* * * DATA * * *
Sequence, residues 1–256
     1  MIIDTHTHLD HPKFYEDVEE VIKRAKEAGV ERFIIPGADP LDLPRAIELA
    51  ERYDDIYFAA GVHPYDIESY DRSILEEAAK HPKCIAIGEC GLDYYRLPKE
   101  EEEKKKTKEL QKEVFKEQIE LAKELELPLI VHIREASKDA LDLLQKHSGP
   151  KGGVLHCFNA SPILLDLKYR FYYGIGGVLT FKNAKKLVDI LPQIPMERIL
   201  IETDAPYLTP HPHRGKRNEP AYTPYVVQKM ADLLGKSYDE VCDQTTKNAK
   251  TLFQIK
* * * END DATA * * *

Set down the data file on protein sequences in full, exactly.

Sequence, residues 1–256
     1  MIIDTHTHLD HPKFYEDVEE VIKRAKEAGV ERFIIPGADP LDLPRAIELA
    51  ERYDDIYFAA GVHPYDIESY DRSILEEAAK HPKCIAIGEC GLDYYRLPKE
   101  EEEKKKTKEL QKEVFKEQIE LAKELELPLI VHIREASKDA LDLLQKHSGP
   151  KGGVLHCFNA SPILLDLKYR FYYGIGGVLT FKNAKKLVDI LPQIPMERIL
   201  IETDAPYLTP HPHRGKRNEP AYTPYVVQKM ADLLGKSYDE VCDQTTKNAK
   251  TLFQIK